The name Frescobaldi is easily associated with… a few things actually: wine, of course, nobility, Tuscany, heritage. They have very recently opened a restaurant in London, where their wines (as well as other Italian labels) are paired to modern Italian fare by head Chef Roberto Reatini (formerly of Zafferano).
Right in the heart of London elegant Mayfair, the venue is a bright (even in a wintry evening), beautifully decorated dining room with plenty of wine glasses and wine accessories fully integrated in the interior design; a wine cellar is positioned to the right of the entrance, showcasing some of the family’s best known labels. Downstairs, a welcoming, cosy area, part homely lounge (books on shelves, wine bottles, family photos) and part drinking section with a nice bar.
I was invited to Frescobaldi during the opening week, not only to visit the restaurant itself but to sample Reatini’s food and the Frescobaldi’s wines. We enjoyed an aperitif and a nibble of parmesan downstairs, then made our way to the dining area.
“The Frescobaldi family’s involvement in wine dates back to 1308. During the Renaissance, they traded wine for works of art with Michelangelo and were the major financiers to the kings of England, with Henry VIII personally signing their receipts. Holy Roman Emperor Maximillian I even recommended the Frescobaldis to the Pope.”
|The downstairs bar|
“Reatini has created a stunning new menu for Frescobaldi in which he offers his own take on classic Tuscan dishes.”
The menu was introduced by the chef and the manager: I thought it was perhaps not representative of which, in my mind, is Tuscan cuisine, yet every dish was nevertheless expertly prepared and very good, steering away from anything too stereotypical or traditional. Our starter was a Beetroot salad with watercress and pistachio, which looked bright and colourful on the plate and was dressed table-side with the family’s own extra virgin olive oil label, Laudemio. Teseo, the restaurant sommelier, introduced the paired white, a Pomino Bianco 2013 which I found light, crips, mineral and very good.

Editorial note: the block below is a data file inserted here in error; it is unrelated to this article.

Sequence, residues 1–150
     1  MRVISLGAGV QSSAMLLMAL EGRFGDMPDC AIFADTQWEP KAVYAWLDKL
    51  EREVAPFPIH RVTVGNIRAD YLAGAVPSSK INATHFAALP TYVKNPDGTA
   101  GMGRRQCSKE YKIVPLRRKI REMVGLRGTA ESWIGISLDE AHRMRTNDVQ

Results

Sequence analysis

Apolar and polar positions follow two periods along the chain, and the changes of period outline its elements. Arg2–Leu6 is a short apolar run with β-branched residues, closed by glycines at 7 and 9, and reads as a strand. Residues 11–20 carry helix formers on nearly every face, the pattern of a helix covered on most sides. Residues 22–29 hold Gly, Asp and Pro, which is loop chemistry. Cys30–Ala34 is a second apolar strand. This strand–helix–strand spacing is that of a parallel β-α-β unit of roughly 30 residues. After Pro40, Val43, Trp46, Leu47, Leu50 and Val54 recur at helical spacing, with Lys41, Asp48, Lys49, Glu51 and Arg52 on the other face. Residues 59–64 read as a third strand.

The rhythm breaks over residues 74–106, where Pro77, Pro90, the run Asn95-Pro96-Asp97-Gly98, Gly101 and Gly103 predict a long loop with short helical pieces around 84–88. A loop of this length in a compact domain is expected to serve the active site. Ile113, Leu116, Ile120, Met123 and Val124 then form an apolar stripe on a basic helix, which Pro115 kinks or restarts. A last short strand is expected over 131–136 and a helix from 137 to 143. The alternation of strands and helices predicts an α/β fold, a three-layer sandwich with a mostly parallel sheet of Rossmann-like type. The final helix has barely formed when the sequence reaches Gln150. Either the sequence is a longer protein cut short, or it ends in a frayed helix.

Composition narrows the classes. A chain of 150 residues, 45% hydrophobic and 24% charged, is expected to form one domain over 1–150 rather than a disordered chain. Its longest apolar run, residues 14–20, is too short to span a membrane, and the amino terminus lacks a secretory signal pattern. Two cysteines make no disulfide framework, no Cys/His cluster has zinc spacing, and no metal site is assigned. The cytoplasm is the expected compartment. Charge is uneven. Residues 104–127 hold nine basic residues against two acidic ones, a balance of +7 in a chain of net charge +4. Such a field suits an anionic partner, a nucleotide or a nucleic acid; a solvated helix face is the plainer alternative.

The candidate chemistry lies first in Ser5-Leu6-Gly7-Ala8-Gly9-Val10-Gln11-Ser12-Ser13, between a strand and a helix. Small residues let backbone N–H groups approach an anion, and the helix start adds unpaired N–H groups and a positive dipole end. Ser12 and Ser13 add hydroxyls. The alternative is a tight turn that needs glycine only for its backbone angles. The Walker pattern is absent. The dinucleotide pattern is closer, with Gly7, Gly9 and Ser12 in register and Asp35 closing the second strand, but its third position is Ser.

A large portion of Linguine with Lobster and Chili followed. I could not detect any particular chili flavour and I’d have liked a bit more lobster versus tomato ratio. The pasta (from Gragnano) was spot on on the cooking and the dish was indeed very enjoyable. This was paired with an Attems Ramato 2013.
Finally the dessert, a delicious, not too sweet cake with walnuts and apple served with a delicate cinnamon ice cream. Absolutely loved the cake but felt it might have been ideal for an afternoon cup of tea, rather than as an after dinner pudding. This was paired with my favourite wine of the evening, a Vin Santo Naturale 2011.
After dinner, our fresh mint tea was served in cute glass teapots, accompanied by mini cantuccini and amaretti.
I enjoyed the meal at Frescobaldi. In my view, Frescobaldi would be perfect for a business lunch or an intimate meal with friends or family. They have put a lot of care into the venue as well as into the wine selection, as expected, and the menu. Some of the dining room walls are white tiled and decorated by stunning art work, my favourite one being Dante (and who could be more representative of Tuscany that our Alighieri?).
While the prices are a little steep, it seems that Frescobaldi’s offering is very much in line with the location: starters from £9, pasta and mains from £15. Many wines are available by the glass, by the carafe and of course, bottle while there is also the option to select different ‘wine flights’ to sample more than one type of grape.
15 New Burlington Place